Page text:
Of course, the set is also motorized. The power simultaneously activates the lights and blades. It’s a cool bit of visual shorthand showing the full cycle of wind energy from the turbine source to the powered home. We’ll forgive the irony of the whole thing being battery powered, as that’s an unavoidable consequence at this scale.

With the power on, the porch lights shine brightly, and base feels firmly planted even with the huge blades spinning.

The van includes a welding rig and tools, which is on a rack that slides into the cargo bay.

The set has received a few updates since the initial release, and I’ve already noted the differences in the van and the tower’s anchoring system. Other updates include the flowers sprinkled about, which now use the new stem element atop a 2×2 tile with center stud. Given that the old stem element hasn’t appeared in any 2018 sets, it’s a safe bet that it’s been permanently retired. The door has also been swapped out for a newer style. The trees are the same, except in one key way that LEGO is keen to highlight. The large spruce tree elements employ LEGO’s new plant-derived plastic formula, and this is the first regular retail set marketed as featuring parts using it. (This summer’s gift-with-purchase set 40320 Plants from Plants was the very first set with the new elements.) The set’s packaging designers have gone out of their way to emphasize that two of the set’s 826 pieces are plant-derived, with a callout on the front and back of the box, and page dedicated to it in the instruction manual, and another callout in the instructions when the elements are placed on the set.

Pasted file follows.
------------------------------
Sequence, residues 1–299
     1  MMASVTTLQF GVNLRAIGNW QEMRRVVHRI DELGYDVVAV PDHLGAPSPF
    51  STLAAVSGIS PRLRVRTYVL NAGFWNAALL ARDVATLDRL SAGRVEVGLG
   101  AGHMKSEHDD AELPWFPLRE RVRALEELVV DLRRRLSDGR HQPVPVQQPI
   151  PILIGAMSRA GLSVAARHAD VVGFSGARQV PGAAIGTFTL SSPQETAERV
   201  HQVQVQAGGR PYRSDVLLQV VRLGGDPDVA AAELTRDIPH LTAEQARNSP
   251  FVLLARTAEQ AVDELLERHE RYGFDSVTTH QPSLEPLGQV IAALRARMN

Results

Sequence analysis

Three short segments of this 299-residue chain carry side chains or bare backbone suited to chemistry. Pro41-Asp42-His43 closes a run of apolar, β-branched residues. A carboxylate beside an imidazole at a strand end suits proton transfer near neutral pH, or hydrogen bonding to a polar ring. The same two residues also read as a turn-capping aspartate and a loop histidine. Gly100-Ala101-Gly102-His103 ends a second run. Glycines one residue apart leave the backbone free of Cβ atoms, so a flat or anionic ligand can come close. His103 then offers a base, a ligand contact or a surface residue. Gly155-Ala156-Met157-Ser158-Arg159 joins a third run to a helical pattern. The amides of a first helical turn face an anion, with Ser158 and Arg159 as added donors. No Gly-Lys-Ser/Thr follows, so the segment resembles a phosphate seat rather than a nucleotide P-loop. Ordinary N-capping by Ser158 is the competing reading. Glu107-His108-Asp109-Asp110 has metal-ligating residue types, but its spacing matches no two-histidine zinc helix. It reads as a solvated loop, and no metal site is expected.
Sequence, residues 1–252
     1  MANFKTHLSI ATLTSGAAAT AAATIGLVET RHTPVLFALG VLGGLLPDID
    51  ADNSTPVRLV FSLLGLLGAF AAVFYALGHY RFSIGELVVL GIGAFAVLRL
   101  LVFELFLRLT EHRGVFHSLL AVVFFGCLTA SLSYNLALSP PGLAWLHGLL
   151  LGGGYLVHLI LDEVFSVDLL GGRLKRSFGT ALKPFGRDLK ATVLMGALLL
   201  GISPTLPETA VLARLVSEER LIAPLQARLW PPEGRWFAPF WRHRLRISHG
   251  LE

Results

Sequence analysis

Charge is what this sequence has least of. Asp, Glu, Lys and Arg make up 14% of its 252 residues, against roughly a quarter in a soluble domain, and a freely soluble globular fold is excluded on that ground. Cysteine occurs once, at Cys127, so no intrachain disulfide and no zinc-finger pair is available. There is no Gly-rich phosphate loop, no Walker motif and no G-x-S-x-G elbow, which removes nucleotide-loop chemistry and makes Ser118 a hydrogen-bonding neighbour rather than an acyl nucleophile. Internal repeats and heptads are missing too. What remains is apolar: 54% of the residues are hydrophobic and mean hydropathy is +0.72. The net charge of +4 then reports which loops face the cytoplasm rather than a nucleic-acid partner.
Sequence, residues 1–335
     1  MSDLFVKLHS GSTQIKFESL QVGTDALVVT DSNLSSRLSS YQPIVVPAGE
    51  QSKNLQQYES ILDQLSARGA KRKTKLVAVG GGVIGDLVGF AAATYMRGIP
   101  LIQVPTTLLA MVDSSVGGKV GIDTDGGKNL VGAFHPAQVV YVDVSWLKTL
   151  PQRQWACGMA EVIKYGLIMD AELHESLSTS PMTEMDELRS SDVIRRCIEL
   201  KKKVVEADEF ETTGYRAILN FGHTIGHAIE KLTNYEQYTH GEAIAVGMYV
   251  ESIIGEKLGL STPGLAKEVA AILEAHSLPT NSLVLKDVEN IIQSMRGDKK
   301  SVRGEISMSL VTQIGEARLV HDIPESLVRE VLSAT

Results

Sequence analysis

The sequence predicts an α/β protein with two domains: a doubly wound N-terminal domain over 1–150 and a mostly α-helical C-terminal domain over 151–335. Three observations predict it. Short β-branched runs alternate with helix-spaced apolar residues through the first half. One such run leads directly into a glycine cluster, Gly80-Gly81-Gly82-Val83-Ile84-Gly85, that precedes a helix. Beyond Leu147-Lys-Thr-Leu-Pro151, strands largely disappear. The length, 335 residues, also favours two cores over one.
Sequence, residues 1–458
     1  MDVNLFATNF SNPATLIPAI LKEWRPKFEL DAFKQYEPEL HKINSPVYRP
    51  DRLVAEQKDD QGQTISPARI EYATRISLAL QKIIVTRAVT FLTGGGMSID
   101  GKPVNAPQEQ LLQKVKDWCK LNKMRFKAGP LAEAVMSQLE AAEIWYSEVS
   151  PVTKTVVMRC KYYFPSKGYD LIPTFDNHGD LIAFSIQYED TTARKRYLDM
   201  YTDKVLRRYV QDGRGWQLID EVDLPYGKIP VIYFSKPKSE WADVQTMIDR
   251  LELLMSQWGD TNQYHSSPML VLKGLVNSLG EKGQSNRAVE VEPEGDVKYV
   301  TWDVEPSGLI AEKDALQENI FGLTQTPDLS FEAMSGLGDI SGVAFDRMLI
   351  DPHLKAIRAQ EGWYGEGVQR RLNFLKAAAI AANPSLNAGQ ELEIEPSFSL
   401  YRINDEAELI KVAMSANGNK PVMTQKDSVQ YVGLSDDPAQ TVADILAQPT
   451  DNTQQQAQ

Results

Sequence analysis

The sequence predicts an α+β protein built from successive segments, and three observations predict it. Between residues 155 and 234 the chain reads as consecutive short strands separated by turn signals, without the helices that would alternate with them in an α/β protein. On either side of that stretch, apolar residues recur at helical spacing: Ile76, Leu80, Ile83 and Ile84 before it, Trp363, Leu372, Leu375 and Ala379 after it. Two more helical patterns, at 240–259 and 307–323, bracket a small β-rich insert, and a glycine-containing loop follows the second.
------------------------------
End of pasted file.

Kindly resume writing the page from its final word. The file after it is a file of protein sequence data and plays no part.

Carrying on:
The minifigures

Just like the original, the set includes three minifigures, though this time around they’re properly decked out with printing–the original set employed three plain white torsos, with Vestas stickers for the technicians. The apples-and-spots pattern on the lady’s shirt aren’t new, but both Vestas employees are exclusive to this set. They’re definitely an upgrade from the original set of figures, but they still won’t be winning any awards for best minifigure design. In fact, they feel more like custom-printed minifigure tchotchkes printed for a trade show than they do like the detailed minifigures we’ve come to expect of LEGO.

Conclusion and recommendation

The wind turbine looks great, and there’s no denying it. It’s a solid bit of construction and it towers over anything you put it near, just as it should. The lackluster design of the home that accompanies it, however, brings the whole model down a notch. Generally, when fans call for a set’s re-release, we want the exact same kit as the original, down to the smallest details–perhaps a packaging update to satisfy collectors who revel in their sealed box versions of the original, but certainly not a design change to the model itself. However, this is a case where a redesign was sorely needed. And the new model has already been redesigned in a half-dozen small ways; why not take an extra step and properly fix it?